Sudanese Women Oust Dictator

After a 30-year reign, Sudan dictator Omar al-Bashir was overthrown after months of protests demanding his resignation over economic problems and widespread sexism in the conservative Muslim country.

About 70 percent of the protestors were women and played an instrumental role in the ousting, ultimately leading the demand for change.

Images of women protesting in the streets, specifically 22-year old Alaa Salah standing on top of a car surrounded by fellow protesters went viral, becoming an iconic image for women in Sudan and an inspiration for women all around the world.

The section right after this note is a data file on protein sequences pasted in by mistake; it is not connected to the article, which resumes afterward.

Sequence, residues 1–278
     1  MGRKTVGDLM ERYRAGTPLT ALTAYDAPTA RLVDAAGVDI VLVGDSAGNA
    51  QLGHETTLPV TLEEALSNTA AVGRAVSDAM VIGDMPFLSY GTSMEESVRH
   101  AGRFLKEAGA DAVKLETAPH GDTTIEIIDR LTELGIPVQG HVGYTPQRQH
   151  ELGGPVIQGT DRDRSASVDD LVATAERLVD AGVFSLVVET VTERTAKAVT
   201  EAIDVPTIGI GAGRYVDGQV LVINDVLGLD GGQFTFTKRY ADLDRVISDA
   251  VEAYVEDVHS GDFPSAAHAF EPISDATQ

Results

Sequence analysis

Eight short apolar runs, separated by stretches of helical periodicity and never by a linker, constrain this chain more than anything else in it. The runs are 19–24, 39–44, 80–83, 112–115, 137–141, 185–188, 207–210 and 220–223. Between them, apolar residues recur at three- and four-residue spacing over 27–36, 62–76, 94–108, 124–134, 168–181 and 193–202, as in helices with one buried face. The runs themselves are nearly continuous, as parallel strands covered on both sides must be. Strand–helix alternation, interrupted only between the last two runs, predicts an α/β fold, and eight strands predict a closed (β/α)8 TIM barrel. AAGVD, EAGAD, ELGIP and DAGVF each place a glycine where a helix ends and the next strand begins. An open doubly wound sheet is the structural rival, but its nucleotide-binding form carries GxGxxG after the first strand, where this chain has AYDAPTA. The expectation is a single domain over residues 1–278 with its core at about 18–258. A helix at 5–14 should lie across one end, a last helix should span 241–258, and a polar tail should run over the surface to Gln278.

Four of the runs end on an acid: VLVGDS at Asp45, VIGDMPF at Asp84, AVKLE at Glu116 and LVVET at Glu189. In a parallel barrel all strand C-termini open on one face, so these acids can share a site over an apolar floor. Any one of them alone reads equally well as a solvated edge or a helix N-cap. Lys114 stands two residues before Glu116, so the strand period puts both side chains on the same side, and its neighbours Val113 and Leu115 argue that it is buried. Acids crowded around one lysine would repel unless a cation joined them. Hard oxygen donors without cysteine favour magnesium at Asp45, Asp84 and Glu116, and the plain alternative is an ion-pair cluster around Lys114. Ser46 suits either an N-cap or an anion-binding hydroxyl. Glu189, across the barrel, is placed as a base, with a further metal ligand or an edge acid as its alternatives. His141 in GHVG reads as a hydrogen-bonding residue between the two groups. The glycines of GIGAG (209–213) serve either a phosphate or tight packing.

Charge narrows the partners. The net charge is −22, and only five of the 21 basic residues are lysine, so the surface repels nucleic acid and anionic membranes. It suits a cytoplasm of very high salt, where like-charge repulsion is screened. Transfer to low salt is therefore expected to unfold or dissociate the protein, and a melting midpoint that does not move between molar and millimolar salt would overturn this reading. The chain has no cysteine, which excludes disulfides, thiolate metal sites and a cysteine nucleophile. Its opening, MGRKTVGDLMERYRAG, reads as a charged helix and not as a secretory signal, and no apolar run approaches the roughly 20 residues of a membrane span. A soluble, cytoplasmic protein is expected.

The photo was captured by local photographer Lana Haroun.

With Bashir out, Lieutenant General Abdel Fattah Abdelrahman Burhan will lead the transitional military council. Bashir’s whereabouts remain unknown. He is wanted by the International Criminal Court for war crimes during the conflict in Darfur.

The Realist Woman’s take:

In a recent story spotlighting an amazing tech startup that supports women’s businesses, I expressed frustration over a comment made by the founder of that startup when she said women’s marches haven’t worked.

Sudan’s dictator was in power for 30 years and within months was brought down by women organizing, marching and protesting, ultimately leading the charge to overthrow him. It’s incredible and inspiring. Women's marches can change our world.